Thursday, April 23, 2009

Europe makes Cliff's day

The European Parliament has voted to extend copyright in recordings to seventy years.

The BBC coverage is a bit shabby, starting with this:

Musicians in line for cash boost

and then going on to claim that "thousands" of "less well-off session musicians" will benefit from this "boost", even although almost nobody believes that.

In fact, the only sour note is buried deep in the piece:
UK Green MEP Caroline Lucas said: "I am disappointed that MEPs chose to ignore the voices of the artists they claim to be helping.

"It is clear that action is needed to better reward performers for their work, but the legislation approved today is absolutely not the solution.

"The copyright extension to 70 years will fill the pockets of a limited number of powerful corporations and harm performer rights and artistic creativity."

The one encouraging note is that material currently out of copyright won't be taken back in - which is what happened when copyright in published work was extended, with a number of public domain works vanishing again.


Anonymous said...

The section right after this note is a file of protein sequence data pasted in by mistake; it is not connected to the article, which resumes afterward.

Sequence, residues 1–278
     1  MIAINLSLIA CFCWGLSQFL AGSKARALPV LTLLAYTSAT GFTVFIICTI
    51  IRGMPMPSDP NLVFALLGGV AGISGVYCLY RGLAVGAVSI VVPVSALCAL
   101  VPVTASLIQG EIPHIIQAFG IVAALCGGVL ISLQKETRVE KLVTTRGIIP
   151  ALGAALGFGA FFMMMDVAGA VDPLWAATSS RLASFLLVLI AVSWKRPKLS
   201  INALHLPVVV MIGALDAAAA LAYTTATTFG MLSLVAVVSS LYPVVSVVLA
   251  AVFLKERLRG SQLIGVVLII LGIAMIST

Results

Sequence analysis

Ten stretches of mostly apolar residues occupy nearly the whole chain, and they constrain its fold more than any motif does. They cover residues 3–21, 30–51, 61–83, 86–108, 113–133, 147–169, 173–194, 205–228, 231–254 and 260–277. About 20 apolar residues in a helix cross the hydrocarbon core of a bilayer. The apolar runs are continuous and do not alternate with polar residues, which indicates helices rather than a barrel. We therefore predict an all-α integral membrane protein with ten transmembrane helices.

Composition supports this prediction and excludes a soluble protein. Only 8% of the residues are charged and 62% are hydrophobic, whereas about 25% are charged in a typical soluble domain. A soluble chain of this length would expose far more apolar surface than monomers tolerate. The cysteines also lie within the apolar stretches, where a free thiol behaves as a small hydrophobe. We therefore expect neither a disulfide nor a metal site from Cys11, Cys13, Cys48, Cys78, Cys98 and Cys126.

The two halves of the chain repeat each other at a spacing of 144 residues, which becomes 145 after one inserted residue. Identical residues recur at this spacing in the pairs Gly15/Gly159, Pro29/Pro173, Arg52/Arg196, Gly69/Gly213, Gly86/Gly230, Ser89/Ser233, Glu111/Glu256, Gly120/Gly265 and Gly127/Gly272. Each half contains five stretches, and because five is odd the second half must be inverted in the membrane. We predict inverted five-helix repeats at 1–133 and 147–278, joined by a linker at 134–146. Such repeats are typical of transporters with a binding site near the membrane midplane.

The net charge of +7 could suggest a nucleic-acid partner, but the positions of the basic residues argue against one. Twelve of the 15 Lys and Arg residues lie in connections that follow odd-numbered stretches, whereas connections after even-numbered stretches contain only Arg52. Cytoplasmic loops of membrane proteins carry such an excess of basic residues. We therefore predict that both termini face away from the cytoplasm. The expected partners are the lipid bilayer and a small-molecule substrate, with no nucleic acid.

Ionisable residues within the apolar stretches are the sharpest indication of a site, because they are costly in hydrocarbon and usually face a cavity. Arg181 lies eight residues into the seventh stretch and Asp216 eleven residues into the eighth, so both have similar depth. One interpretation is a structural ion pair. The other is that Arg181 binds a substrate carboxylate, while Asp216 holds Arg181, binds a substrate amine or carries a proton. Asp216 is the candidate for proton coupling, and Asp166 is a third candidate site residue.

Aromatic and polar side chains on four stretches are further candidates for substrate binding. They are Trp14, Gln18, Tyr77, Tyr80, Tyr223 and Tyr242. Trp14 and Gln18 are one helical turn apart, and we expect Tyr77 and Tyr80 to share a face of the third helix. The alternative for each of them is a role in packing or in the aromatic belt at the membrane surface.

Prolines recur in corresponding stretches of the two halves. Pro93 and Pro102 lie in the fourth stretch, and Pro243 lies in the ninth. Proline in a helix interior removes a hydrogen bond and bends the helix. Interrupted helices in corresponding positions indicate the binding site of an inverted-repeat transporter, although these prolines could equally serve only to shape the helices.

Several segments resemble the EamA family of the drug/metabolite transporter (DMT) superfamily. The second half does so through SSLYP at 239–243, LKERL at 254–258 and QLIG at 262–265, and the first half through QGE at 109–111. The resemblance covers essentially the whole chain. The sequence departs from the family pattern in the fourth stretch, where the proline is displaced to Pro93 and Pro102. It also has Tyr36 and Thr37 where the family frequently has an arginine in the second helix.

Where exactly has this session musicians benefiting from copyright extension myth come from? It simply couldn't be less true. They give the example of "The Beatles' first release is due to go out of copyright in 2012" and yet don't go on to mention Andy White being the drummer on that. How much has he actually earned purely from sales of that record? I doubt he earned anything after the day it was recorded and this extension nonsense isn't going to change that (Ok so he's not a good example since he's probably made money from the single merely from the distinction of being "The Drummer On The First Beatles Single" but I'm specifically of talking sales of the recording)

Chris Brown said...

A pedant writes: Actually, Ringo was the drummer on the original single version of 'Love Me Do' - the version with Andy White on it wasn't released until 1963, and hence would remain in EMI's ownership until the start of 2014. Andy White is on the B-side though.

That aside, it's a good point. I think session musicians now are all on a percentage, but they weren't necessarily back then.

Anonymous said...

Have you read anything about #warnerfail ? (gosh I hate these twitter names for things they are almost as bad as the dreaded "-gate" suffix... almost). Some Norwegian kid was actually downright insulted by an A & R guy at Warners purely for having the nerve to ask why he wasn't going to be allowed to buy some Dave Matthews Band US only album. (link) It's apparently getting attention in Norway but since my Norwegian is limited to knowing that Edvard Grieg roughly translates to Edvard Grieg then I couldn't say much more about it.

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